In My Book, That’s a Hurricane

There were two things that drew me to Darwin: the heat and the cyclone. The
heat was easy to comprehend upon arrival, but I filled in what little I knew
about the cyclone with a visit to the Museum & Art Gallery of the Northern
Territory. In a fascinating display that included samples of home construction
and even a room with recordings from the storm, I learned the story:

3 images of destruction

In the early hours of Christmas 1974, Darwin became the site of the worst
natural disaster Australia has ever known. What first began as a weak tropical
lull some five days earlier began to pick up steam and was named Tracy by meterologists
on 21 December. Tracy was on track to hit Darwin with a vengeance: just after
noon on Christmas Eve, a "Flash Cyclone Warning" went out warning residents
that the storm would bring very destructive winds.

After midnight, Tracy landed with 100 km/h winds, gusting to 195 km/h.
(Three hours later, the anemometer was broken after recording a gust
of 217 km/h.) Later analysis suggested that winds reached 260 km/h, with others putting the figure as high as 320km/h. Winds in excess of 100 km/h continued until 7am.

Most of the city’s 48,000 people became homeless. Hardest hit was the suburb of Nakara, where 97% of homes were destroyed. Throughout the city, communication, power, and utility links were disrupted. Over the next several days, the Australian military took things in hand, patrolling for looters as an RAAF/USAF joint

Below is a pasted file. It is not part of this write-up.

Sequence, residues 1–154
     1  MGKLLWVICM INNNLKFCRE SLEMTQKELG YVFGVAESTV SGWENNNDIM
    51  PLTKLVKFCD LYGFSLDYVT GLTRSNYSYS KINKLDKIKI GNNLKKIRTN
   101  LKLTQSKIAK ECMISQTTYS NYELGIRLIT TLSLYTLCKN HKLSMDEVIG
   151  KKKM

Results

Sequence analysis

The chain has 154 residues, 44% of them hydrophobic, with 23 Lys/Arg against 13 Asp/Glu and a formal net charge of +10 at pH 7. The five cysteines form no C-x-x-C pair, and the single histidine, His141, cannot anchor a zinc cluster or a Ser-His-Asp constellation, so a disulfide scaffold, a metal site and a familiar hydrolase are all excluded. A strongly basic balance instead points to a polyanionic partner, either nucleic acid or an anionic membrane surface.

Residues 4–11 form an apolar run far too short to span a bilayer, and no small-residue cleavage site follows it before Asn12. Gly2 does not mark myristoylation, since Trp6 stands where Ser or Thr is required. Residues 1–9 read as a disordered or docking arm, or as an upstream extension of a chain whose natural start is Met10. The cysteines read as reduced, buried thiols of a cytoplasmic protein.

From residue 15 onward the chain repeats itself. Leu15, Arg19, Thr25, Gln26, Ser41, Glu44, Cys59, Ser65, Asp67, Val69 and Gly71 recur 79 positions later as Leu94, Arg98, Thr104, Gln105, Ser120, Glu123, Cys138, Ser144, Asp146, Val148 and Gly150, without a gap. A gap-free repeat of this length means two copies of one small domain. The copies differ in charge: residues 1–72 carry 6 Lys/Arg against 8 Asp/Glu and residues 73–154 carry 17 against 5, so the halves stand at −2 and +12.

airlift took nearly 26,000 people out of the city. A further 10,000 left by

When all was said and done, the death toll officially stood at 49, with a
further 16 "missing at sea." (Unofficial estimates were much higher.) The damage
was tallied at between A$500 million – A$1 billion in 1974 dollars.

The greatest contributor to the damage was the construction style common for
the time. An open-air design featuring glass louvers and elevated homes was
well suited for the tropical temperature, but lethal when the debris began
flying about. A federally-established Darwin Reconstruction Commission set
new standards — informally called "the Cyclone Code" — that were
designed to ensure Darwin was never again destroyed. The regulations demanded that new houses contain their own cyclone shelters and be able to withstand winds of 65 m/s (234 km/h.) This has since been relaxed to 55 m/s due to the expenses involved.

And it’s not the first time that widespread reconstruction was taking place:
Darwin was also destroyed in 1942 by the Japanese.

Comments are closed.